Though it started as a basic photo-sending app, Snapchat’s new feature may push it into the next realm and help it compete with some of the bigger tech companies around.
On October 10th, the app’s parent company, Snap announced that it will begin to roll out so-called “Context Cards” that will enable users to get information about the places they see in snaps.
To do this, users will simply swipe up to learn more about the location or business from which a snap was sent. The cards will work on snaps from friends as well as one viewed on Snap Maps, and they will include information like location data, menus, phone numbers, reviews, and details on how to make a reservation. The company has also partnered with ride-sharing companies like Uber and Lyft to give users the option to book a ride to that snap’s location.
“With Context Cards, Snaps have become the visual starting point for learning more about the world, empowering our community to get more information about anything that catches their eye,” the Snapchat team posted, according to Forbes. “The billions of Snaps created each day on Snapchat power products like Stories, Search, Snap Map and now, Context Cards. As we learn more about how to improve Context Cards, we’ll be adding more partners and additional information. Stay tuned!”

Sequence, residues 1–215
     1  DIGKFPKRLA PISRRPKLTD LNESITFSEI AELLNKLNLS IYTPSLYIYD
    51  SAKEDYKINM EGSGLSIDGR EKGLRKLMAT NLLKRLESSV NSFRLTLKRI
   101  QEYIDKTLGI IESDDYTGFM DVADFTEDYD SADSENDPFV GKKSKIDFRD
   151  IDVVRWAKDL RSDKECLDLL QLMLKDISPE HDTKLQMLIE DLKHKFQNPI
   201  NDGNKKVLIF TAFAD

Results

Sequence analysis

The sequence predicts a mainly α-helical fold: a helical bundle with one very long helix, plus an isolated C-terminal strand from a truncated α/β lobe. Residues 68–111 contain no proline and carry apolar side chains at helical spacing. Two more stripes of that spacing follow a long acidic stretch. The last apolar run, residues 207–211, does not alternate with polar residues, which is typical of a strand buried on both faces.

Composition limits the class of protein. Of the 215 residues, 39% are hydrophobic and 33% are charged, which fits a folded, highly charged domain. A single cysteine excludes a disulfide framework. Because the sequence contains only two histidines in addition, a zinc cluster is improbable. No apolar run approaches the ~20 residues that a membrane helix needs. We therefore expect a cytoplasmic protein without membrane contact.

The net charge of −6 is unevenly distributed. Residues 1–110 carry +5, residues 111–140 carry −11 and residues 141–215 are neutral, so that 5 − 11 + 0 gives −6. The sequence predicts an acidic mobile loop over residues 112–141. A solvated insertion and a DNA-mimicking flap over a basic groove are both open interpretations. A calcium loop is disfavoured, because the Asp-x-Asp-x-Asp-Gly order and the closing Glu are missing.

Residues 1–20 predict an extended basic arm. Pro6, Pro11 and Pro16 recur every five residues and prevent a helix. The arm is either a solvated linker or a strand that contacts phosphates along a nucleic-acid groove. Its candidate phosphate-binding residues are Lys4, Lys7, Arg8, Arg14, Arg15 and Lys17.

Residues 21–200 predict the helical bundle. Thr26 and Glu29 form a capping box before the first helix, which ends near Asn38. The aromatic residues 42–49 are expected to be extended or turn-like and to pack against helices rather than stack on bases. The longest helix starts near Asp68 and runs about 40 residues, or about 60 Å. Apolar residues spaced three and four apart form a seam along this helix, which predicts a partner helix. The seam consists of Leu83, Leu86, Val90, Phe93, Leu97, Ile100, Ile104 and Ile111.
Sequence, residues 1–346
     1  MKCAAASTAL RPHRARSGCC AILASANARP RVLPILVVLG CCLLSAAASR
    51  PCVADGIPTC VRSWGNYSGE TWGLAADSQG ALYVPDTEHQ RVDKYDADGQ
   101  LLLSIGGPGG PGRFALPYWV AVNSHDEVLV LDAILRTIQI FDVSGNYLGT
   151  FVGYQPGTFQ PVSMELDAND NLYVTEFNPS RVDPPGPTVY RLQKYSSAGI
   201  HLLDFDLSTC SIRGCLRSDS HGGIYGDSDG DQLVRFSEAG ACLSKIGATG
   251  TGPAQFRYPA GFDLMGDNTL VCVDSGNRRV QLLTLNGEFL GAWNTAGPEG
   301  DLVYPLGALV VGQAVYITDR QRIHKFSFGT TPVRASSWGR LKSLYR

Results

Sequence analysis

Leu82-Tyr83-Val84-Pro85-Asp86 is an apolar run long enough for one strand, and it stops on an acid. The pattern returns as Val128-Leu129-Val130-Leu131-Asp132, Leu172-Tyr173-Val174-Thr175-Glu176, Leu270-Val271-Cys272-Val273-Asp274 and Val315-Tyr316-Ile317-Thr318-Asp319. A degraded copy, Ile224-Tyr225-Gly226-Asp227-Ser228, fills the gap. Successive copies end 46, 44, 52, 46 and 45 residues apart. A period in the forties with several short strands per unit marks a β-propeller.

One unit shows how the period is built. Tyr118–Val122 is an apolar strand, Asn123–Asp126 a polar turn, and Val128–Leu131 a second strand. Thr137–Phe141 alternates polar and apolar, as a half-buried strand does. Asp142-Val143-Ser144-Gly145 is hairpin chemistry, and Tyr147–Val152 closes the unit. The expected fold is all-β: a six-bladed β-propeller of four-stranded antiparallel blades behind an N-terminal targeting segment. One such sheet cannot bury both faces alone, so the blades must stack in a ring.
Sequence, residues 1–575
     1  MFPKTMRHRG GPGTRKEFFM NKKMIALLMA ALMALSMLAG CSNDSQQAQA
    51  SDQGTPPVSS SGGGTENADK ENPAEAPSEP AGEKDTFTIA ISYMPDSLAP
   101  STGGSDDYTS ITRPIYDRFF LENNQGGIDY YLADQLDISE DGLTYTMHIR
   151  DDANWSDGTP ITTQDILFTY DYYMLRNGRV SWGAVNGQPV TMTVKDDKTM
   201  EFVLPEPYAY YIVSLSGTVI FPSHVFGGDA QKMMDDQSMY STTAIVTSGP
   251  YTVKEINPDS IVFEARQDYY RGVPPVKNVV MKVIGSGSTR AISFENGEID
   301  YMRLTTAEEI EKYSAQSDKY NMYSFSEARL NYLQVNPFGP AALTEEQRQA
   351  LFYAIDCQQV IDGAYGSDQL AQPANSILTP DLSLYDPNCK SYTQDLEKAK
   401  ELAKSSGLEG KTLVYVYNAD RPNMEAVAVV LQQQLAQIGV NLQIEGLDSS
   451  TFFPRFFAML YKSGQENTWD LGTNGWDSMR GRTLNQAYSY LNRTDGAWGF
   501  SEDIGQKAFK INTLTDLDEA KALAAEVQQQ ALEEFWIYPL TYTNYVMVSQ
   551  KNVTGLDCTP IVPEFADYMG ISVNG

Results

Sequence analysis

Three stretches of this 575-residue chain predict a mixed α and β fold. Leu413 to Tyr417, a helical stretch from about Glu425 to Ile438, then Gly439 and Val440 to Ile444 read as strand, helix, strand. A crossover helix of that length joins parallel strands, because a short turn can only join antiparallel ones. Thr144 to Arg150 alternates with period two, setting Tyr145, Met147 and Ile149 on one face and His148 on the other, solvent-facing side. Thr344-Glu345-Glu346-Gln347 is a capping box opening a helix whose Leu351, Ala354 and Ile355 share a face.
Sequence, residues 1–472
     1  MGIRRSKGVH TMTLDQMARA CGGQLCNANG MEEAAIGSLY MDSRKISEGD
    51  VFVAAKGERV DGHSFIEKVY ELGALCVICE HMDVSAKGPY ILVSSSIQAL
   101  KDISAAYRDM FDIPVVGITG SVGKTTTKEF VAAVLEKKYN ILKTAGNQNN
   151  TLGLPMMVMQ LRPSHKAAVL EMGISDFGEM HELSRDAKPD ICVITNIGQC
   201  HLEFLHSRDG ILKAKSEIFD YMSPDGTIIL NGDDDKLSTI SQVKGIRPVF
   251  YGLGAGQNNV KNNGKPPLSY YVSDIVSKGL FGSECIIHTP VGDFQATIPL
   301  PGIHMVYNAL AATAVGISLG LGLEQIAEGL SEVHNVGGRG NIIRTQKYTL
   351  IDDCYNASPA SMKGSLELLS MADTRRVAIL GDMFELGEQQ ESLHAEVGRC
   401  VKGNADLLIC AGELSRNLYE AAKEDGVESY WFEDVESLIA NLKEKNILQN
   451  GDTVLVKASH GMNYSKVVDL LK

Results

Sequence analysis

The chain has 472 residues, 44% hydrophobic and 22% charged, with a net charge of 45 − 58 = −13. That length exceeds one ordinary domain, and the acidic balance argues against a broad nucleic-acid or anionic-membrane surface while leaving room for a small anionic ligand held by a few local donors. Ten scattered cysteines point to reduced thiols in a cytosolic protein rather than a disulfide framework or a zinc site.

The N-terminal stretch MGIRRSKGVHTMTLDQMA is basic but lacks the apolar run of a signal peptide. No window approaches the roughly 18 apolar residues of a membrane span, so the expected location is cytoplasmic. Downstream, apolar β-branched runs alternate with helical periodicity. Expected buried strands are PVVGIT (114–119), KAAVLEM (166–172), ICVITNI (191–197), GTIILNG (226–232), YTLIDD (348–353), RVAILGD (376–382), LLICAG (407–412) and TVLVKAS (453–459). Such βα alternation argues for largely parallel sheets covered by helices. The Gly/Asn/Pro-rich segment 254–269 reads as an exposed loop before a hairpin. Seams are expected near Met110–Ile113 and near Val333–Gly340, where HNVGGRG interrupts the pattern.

While the function is not being monetized just yet, it could go that way as the cards are rolled out, Quartz reports.
Snapchat currently has 170 million users, and most of those spend roughly 30 minutes on it each day. While those numbers help drive annual revenue, they still do not come close to the power of companies like Facebook.
Snap hopes the Context Card feature will help bridge that gap by giving people more reasons to use the app. It would not just be a place to share photos anymore. Rather, people could use it to see where their friends are, find good food, or even travel to certain locations in their area.
Though it is impossible to tell how big Context Cards will be, there is no doubt they have some potential. The company states the new tool will soon be available in Canada, the United Kingdom, Australia, New Zealand, and the United States.